NABOKV-L post 0000408, Wed, 14 Dec 1994 10:06:30 -0800

VNCollation#10 (fwd)

This month, unrelated bits of Nabokoviana abound. Making no attempt to
thread them together, I simply present them as a random sampling.

Christopher Plummer, whom you will remember played Nabokov in the PBS
production based on Nabokov's lecture on Kafka as recorded in _Lectures
on Literature_ , recently performed a one man "tour de-force" to an
"adoring" crowd at the Centennial Theatre of Bishop's University of
Lennoxville in Montreal. Entitled "A Word or Two Before You Go" the
production displays Plummer,

"using a few simple props and occasionallly resorting to a
director's chair...he led a wayward, epigrammatic path through
children's rhymes, Lewis Carroll, Nabokov, Stephen Leacock, Shaw
and Shakespeare to name a few...Although A Word or Two is
vaguely autobiographical, its principal purpose is to convey a
lifelong love of literature."

Rumors about the remake of the Movie "Lolita" continue to ripple across
the pages of the press ever since "Swifty" Lazar resold "Lolita" to
Carolco for 1 million dollars. Before the sale, a studio executive was
considering a remake of "Lolita",

"arguing that the 1962 Stanley Kubrick adaptation did not fully
explore the obsessive pedophilia in Vladimir Nabokov's novel. But
in tackling the material more honestly, 'we would have made a
movie that could be seen as morally repugnant, so we passed."

Adrian Lyne, the director of Fatal Attraction, is now in line to make
the remake, but there have been several setbacks. Advice from a movie
critic--"if you are trying to recapture the magic, you are almost doomed
to fail...there has to be some overriding reason why it is [being]

Candia McWilliam, a critic at _the Independent_ lists Michael Wood's
"elegant" _The Magician's Doubts: Nabokov and the Risks of Fiction_ as
one of her favorite books of the year, saying,

"[it] is a triumph of imaginative reading over received criticism;
I was sad to finish it, not often the case with works of

The November 16 Evening standard reports this amusing anecdote. Everyman
press, for a new edition of "Lolita" has,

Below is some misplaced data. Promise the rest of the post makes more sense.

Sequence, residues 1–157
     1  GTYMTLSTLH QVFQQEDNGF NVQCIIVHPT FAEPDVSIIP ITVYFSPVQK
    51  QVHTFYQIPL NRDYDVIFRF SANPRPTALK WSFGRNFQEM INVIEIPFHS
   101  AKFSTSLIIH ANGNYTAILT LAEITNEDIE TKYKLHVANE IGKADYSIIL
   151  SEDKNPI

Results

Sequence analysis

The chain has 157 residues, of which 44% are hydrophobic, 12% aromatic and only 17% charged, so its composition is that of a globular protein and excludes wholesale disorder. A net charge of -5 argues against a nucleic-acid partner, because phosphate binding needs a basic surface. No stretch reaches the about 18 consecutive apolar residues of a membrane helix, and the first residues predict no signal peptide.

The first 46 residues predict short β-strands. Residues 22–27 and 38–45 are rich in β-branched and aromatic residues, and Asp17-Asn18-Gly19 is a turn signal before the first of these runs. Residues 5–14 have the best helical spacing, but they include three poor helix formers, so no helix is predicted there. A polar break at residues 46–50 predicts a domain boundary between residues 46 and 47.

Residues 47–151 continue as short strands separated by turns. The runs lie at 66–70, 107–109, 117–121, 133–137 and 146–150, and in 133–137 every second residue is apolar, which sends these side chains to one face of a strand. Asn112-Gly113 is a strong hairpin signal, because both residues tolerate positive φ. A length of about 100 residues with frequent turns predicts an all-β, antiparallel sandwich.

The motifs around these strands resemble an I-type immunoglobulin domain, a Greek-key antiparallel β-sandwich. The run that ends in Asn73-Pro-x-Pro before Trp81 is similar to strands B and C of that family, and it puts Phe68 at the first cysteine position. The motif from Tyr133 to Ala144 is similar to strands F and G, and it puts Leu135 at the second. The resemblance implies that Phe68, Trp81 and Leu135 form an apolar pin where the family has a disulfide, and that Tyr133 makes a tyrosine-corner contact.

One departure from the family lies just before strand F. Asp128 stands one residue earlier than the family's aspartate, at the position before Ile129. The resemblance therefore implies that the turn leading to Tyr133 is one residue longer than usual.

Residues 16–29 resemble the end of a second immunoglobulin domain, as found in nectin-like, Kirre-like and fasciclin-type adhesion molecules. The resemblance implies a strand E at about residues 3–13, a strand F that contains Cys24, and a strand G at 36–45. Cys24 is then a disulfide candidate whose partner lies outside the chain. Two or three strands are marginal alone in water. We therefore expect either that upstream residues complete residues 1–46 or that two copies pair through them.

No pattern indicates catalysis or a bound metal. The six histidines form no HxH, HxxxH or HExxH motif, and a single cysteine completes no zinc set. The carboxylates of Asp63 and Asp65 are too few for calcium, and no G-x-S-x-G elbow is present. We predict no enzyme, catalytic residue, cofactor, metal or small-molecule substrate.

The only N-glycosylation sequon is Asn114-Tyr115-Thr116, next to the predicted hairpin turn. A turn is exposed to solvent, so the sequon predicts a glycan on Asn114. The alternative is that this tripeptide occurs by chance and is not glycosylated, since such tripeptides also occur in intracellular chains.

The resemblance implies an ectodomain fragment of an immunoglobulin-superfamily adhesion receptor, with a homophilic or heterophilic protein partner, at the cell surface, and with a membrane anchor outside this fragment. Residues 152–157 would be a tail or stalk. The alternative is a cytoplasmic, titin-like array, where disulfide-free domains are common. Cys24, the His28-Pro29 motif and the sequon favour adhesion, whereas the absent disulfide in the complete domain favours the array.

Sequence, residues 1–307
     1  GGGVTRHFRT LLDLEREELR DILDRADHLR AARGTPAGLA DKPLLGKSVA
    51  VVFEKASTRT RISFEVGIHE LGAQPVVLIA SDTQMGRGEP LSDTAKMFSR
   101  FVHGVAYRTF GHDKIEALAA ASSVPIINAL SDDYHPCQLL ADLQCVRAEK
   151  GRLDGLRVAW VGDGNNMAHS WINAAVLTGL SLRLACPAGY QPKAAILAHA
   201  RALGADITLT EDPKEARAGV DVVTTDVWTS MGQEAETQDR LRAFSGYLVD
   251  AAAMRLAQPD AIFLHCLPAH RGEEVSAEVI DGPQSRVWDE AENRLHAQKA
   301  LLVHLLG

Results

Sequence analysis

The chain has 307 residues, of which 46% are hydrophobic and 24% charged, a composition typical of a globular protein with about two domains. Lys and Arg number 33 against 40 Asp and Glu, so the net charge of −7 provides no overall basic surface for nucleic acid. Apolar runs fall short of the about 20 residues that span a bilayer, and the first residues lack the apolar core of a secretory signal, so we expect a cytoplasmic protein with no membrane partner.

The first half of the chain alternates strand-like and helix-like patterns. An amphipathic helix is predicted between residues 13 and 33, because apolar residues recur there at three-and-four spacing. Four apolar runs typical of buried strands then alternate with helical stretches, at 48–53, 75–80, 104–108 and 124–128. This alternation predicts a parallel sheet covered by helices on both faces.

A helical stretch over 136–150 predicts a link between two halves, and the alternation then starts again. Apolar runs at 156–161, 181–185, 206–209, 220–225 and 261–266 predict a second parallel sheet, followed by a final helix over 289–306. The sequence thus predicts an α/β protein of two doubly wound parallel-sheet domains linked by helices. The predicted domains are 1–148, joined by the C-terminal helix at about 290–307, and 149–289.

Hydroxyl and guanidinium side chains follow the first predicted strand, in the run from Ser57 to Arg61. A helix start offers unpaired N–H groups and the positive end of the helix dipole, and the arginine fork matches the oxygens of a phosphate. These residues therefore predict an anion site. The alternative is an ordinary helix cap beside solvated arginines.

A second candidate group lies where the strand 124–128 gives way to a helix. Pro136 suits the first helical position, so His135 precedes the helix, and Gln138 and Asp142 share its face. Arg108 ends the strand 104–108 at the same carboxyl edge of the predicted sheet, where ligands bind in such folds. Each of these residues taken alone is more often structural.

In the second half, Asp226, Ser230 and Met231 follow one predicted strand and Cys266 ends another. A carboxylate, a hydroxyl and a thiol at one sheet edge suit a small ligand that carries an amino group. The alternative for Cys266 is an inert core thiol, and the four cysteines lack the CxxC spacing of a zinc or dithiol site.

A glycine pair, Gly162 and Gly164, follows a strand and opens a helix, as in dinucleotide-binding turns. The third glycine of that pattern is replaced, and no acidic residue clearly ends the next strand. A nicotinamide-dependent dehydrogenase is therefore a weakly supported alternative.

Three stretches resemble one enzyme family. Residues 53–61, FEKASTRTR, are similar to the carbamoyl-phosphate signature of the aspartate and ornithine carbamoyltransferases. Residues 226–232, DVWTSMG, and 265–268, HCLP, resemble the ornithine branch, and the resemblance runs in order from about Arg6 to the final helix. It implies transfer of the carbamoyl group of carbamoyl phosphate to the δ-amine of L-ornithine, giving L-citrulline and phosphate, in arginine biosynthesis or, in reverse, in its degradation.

"...just made a textual error in a new edition for the Everyman
Library resulting in the abandonment of its first run. Such a
disaster was the last thing the firm had in mind when it
commissioned Martin Amis... to write a fresh introduction to the

So delighted was the publisher, David Campbell, with Amis's 19
pages that he substituted them for the book's foreward, written by
John Ray Jr, PhD."

Amis called it a "a naive editorial error", a fact that does not in any
way diminish its charm.

A new book from David Jouris entitled _All Over the Map_ takes map
readers on,

"a journey into the peculiar, poetic and downright puzzling world
of city and town names across the United States..."

one of which Lolita, Texas,

"...was named in 1910 for a local resident, Lolita Reese.
The name was almost changed in the 1950's, when the notoriety of
Vladimir Nabokov's satirical novel, "Lolita," scandalized the

Jonathan Schell, writing a poignant piece about the place of books, slow
travelers in an information age, describes their importance in the Radio
and Television Correspondents Room of today.

"As it happens, there ARE books in the Radio and Television
Correspondents Room. They are on a shelf behind the podium, adding a
dignifying touch, like the books behind a supposed doctor in an ad
for over-the-counter medicine. After a recent press conference, I
took some down from the shelf. They had been neatly sawed in half,
length wise, slicing every page down the center, the better to fit
them into the 3-inch-deep shelves. I saw, among other volumes the
"Yearbook of the UN, 1946-47," "Once an Eagle" by Anton Myrer,
"Diseases of the Stomach," by JohnC. Emmeter, "The Christ We Forget,"
by P.Whitewell Wilson, and --the unkindest cut--"King, Queen.,